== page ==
17. Gordon Willis says

    @Ophelia #14. I’m surprised that you see Fanny Price as passive. She is perceived as a nonentity but it is her integrity and firmness of character which causes the necessary moral transformation. She is not passive, but only humble, and her presence and her excellent mind are a constant force. Austen makes a good case, and I’m still thinking about it, after many years. Fanny is highly active in the minds of the stronger protagonists. I think in this connection of Mr Bingley: his essential simplicity and complete lack of affectation are not the stuff of which heroes of books are commonly made, but he epitomises the core values which the “heroes” eventually discover, and is a strong influence on the behaviour of Mr Darcy, to whom he looks up and who never lets him down. In Fanny Price, a Mr Bingley has become the protagonist: a very difficult choice, and maybe Austen should have written several more books to work the idea out. I think, however, that she just got overwhelmed by illness and disappointment.

  18. says

    Yes I too have thought a lot about Fanny, and tried to see her through different lenses so that she didn’t repel me. I think someone – possibly Lionel Trilling – did give a reading of her that helped me do that for awhile, but it broke down. I can’t like her. Yes she has integrity but she’s so joyless…That was part of Austen’s point: making the attractive energetic fun people bad and the dreary moralizing ones good, and I take her point, but…I can’t like Fanny. One of her things is being horrified by Mary Crawford’s levity about the church. Yeah well…

  19. says

    I do strongly doubt your reading of Mr Bingley though. I don’t think he does epitomize any core values, because he’s too biddable to have any. That’s Lizzie’s big objection to him – he’s putty in Darcy’s hands. He’s a nice guy, but that’s all. He’s good enough for Jane but not for Elizabeth.

  20. swbarnes2 says

    Bingley is a good example of what Wentworth thought Anne to be, someone who let another stronger personality persuade them out of what was really good for them.

    Fanny has joys, but they are mostly in nature, not in people. The narrator teases Fanny a little about being so serious, so I don’t think we are supposed to think the author 100% agrees with her fastidiousness. She’s in a tough position. In Austen’s eyes, the Price house is as poor as you can get, and Fanny risks being sent there if she makes waves. Certainly, if her uncle suspected that she loved her cousin, she’d be out on her ear pretty quick.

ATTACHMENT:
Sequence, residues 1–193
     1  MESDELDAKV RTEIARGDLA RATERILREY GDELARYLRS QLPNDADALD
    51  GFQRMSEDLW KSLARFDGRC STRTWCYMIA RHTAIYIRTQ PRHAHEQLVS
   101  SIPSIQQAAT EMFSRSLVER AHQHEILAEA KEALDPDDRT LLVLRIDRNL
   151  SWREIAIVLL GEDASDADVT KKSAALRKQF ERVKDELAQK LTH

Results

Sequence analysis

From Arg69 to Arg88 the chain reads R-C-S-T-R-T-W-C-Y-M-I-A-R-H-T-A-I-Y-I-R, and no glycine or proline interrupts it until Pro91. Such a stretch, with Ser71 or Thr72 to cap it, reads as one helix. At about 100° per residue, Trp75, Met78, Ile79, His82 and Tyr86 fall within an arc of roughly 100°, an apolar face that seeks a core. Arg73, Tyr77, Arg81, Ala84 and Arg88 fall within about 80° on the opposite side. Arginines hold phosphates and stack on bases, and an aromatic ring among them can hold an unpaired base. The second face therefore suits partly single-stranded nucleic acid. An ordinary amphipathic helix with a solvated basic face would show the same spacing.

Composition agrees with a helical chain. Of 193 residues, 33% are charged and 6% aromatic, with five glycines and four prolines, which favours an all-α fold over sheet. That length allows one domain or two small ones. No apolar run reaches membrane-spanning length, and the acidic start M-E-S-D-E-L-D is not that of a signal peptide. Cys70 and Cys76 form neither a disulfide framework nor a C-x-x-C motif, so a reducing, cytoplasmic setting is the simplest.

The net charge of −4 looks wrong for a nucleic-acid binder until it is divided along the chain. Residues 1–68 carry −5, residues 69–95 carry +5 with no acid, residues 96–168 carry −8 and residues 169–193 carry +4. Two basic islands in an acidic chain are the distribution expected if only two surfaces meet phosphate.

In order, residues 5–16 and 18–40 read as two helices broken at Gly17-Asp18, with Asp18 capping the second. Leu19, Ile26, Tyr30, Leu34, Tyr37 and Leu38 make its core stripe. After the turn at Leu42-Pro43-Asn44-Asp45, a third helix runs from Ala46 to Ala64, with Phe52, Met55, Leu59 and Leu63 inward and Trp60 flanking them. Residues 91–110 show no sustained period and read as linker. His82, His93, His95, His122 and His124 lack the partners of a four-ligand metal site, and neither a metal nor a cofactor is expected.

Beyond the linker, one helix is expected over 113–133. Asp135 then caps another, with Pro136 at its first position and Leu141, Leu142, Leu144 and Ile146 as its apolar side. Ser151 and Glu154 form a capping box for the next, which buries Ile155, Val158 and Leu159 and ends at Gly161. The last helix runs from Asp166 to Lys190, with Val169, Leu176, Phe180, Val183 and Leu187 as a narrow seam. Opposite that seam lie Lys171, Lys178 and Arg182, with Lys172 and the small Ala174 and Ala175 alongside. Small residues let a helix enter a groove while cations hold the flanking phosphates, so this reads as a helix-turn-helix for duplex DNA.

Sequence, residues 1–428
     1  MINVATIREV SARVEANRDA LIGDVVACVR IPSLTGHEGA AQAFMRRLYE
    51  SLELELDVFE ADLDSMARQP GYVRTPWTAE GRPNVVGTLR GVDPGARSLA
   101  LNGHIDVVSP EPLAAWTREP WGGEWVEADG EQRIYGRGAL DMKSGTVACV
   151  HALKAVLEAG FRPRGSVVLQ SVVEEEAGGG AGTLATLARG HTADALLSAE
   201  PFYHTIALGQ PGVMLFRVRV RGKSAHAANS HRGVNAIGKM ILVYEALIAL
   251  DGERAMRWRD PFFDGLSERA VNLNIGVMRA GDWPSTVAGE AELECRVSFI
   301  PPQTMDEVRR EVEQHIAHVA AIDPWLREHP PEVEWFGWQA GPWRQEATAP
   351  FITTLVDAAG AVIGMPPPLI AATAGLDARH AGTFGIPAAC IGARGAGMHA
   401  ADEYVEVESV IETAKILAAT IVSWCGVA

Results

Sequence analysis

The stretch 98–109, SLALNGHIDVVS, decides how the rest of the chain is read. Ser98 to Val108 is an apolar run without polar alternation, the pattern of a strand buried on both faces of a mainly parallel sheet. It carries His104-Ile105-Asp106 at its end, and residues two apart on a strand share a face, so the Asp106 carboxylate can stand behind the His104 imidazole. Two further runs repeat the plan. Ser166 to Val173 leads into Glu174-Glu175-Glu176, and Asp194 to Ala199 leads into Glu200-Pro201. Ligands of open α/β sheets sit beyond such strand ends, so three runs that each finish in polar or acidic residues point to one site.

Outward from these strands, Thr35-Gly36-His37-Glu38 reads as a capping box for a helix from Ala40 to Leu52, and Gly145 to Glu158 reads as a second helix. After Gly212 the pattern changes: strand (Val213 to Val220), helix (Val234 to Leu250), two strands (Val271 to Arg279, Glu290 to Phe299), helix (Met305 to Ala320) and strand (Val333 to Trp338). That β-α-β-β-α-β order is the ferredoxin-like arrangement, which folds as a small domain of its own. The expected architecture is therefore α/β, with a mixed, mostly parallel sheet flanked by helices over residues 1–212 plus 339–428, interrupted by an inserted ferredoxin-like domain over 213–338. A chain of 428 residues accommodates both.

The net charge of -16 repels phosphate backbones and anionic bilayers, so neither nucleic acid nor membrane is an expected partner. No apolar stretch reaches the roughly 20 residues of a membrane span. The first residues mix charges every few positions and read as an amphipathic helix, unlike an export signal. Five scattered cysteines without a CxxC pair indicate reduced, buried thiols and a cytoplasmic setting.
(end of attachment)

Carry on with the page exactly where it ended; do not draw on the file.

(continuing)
21. says

    Oh good point, about Bingley and Anne. I hadn’t thought of that.

    No, that’s what I mean – I think Austen loads her with annoying qualities as a novelist’s experiment. Austen doesn’t “agree with” her personality, so to speak…she’s going against her own grain, maybe as a sort of religious exercise. Fanny has zero sense of humor and I suspect that in real life Austen found people like that very hard to take. She’s asking herself “but what about the good people who are hard to take?”

  22. medivh says

    Gordon:

    Hello medivh. I think you mean Pen at #8, not me

    You’re 100% correct. Apparently I had an off night last night, and given the three typos of the word “night” I just deleted, that may continue. Apologies.

    …this particular post is about girls and the particular social stigma that attaches to them merely for being girls.

    I fully agree; I was trying to point out that it doesn’t take culturally acceptable dehumanisation to get a parent to fake being loving. I, by all the criteria put forward by a culture that hates complications, should have been the last to be dehumanised by a parent. And yet… Therefore, I have no trouble believing that there are men that see their daughters as objects to be thrown around according to cultural norms, and I see people that do have trouble with that concept as sheltered or worse.

    I’m quite sure that the last thing you want to be is your father

    I don’t talk to him and, in the interests of self preservation, refer to him in private as “the arsehole” or if I’m feeling rather stable and solid, he gets his name back. As far as I’m concerned, he’s a sperm donor who should have stayed that way – and out of my life – since the beginning. Worse, when we were last on speaking terms, he was rather fond of pointing out my successes as due to him, and my faults as being just like his own abusive father. A habit that I fought to my last word with him.

    I’m very happy to be my own man, indeed.